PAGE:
- There’s a time when she was working on “the problem” – doing very apocalyptic work…
- Being a nonverbal artist rather than an analytical artist…example: Brecht…he makes you think. This is not were MM’s creative impulse comes from…Thinks that art has to be useful in a particular way – antidote to overload that we’re all suffering from…sacred space…To create desire…So when you leave you take away a sense that you…”Want imagination and richness in my life”<br>
Question 8: - Is there an identifiable politics in your work?
- Making work in a very honest way is political <br>
Question 9: CM: - Relationship between art and spiritual and sacred space…Why has this become such a topical and hot issue…previously there was a different poetics…MM trying to create an idea of spirituality…distinction between political work and belief
- Peter Sellers – the way one enters different spaces…Jewish artists doing work related to Buddhism…a lot of iconography with saints…In Europe, attachment to religion, it has association with Fascism and right-wing politics…Polish artists engaged with a particular kind of space…religion and avant-garde
- Movement of transcendence and socially/politically engaged work world wide
- Work is more like an offering…relationship between the form and content of the practice? You can never make a piece about impermanence…so you need to contemplate it…The discipline of making work is a spiritual practice…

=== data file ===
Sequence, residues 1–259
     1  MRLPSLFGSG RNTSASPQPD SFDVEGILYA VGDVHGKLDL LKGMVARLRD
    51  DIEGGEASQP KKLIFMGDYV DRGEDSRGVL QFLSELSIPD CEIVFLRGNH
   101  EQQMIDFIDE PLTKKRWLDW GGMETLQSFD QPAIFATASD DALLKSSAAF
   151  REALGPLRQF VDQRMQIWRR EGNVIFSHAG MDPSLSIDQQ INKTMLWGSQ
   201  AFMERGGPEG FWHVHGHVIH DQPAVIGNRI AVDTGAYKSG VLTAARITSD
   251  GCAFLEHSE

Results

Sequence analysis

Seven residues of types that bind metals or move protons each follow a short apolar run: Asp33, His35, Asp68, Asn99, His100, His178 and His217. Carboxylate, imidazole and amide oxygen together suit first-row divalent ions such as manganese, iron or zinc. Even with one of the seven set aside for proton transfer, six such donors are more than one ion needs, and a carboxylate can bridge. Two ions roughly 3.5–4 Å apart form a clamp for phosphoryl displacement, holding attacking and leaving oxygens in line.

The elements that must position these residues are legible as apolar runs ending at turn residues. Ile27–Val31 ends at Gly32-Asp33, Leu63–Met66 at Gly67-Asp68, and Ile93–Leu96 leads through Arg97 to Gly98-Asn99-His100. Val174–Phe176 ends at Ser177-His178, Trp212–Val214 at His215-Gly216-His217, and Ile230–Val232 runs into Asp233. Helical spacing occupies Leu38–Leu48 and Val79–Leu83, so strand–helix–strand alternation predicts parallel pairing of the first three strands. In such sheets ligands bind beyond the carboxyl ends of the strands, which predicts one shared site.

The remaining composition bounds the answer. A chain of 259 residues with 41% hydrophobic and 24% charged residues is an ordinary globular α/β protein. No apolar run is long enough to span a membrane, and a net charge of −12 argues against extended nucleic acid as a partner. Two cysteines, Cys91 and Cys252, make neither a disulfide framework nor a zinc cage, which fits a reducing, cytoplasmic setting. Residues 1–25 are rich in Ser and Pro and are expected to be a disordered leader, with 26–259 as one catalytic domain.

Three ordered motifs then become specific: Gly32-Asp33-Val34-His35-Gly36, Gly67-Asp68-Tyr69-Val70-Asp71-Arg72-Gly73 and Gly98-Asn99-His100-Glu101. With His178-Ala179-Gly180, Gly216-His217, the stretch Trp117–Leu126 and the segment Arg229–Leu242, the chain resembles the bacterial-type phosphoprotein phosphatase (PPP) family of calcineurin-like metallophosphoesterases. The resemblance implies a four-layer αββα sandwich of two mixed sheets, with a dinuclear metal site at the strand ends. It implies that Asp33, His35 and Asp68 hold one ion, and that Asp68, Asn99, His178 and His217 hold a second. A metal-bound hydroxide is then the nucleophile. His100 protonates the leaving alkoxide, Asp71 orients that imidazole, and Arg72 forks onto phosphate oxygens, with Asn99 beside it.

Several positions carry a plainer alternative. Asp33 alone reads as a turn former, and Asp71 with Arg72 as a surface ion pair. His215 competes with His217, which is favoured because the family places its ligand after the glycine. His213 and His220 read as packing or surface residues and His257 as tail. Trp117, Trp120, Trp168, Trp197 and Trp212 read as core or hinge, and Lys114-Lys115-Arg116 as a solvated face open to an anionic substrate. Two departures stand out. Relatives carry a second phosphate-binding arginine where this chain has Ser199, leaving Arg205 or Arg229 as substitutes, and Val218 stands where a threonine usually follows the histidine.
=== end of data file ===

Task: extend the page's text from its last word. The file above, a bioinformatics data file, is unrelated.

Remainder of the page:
- Discussion of process and method: She starts from scratch every time. Starts with no assumptions; beginners mind. Spiritual practice: I’m going to stay here…stay in this place of discomfort…but little by little, the work makes itself known…and then I start getting interested and get curious and them I’m not afraid anymore. We’re afraid of our fear…the more you push away from it, the worse it is. Assumptions about otherness…If you can stay with the fear…it starts dissolving a little and then you glimpse a basic sense of space…but you have learn how to trust yourself over and over again.
- It’s interesting how artists age and when they do, it’s about different concerns and different emotional minds.
- It becomes a natural process of spiritual practice – It goes to the bone. It takes a lot of effort and time to get simple. Cooking reference to soup…It comes from a particular wisdom about when you let soup have form. When she has to start putting soup into a form, MM gets very sad.
- In her twenties – there was a lot of flayling about and finding artistic identity…find your own voice…Take material from self and/or culture…depending. One thing that’s very hard for young people growing up in a world – so much information—when she started working with voice, she was the only doing it…voice…How do you sift your way through all this information…you the only one who exists going to do? It’s not just about information…<br>
Question 10: CM - Questions of practice: Relationship between spiritual practice and artistic method…she’s thinking about method…and American artists…How you proceed is through practice…what’s happening with content. I get the impression that Claire is speaking about a method that’s generative—that actually produces content—so your method becomes both a catalyst and material for content.
- Coming as a way to continue (?) and one continues and the material that creates the content enters the work… See Exile of the Word: From the Silence of the Bible to the Silence of Auschwitz by Andre Neher…history of formalism and history of practice…